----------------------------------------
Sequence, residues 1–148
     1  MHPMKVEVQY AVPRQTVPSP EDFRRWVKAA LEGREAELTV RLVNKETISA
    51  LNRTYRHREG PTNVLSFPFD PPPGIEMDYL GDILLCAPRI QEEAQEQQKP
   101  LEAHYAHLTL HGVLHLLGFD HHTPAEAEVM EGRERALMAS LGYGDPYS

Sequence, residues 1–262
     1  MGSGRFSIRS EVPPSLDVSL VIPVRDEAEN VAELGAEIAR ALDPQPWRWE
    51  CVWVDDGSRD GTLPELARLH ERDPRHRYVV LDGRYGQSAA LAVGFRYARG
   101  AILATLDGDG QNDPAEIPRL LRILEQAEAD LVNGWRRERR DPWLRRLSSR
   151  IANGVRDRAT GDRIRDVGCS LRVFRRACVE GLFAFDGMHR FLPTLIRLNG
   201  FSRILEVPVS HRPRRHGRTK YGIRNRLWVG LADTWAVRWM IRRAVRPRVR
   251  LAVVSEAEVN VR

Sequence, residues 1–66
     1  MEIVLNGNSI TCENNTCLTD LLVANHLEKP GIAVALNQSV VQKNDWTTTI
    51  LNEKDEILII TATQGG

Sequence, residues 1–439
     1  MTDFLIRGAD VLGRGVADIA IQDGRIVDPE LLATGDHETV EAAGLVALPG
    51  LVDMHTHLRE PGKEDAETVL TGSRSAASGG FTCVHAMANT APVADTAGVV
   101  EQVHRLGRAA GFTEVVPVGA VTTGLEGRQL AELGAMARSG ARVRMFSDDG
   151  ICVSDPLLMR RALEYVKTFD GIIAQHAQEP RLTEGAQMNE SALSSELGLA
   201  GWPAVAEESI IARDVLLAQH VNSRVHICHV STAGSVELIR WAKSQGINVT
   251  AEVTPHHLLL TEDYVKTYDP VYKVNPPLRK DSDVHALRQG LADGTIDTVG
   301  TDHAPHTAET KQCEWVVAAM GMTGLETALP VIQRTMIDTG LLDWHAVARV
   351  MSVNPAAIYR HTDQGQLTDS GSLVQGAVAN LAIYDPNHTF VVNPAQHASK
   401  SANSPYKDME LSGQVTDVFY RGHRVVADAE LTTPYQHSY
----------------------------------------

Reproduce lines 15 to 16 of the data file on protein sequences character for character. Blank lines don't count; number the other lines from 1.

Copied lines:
Sequence, residues 1–439
     1  MTDFLIRGAD VLGRGVADIA IQDGRIVDPE LLATGDHETV EAAGLVALPG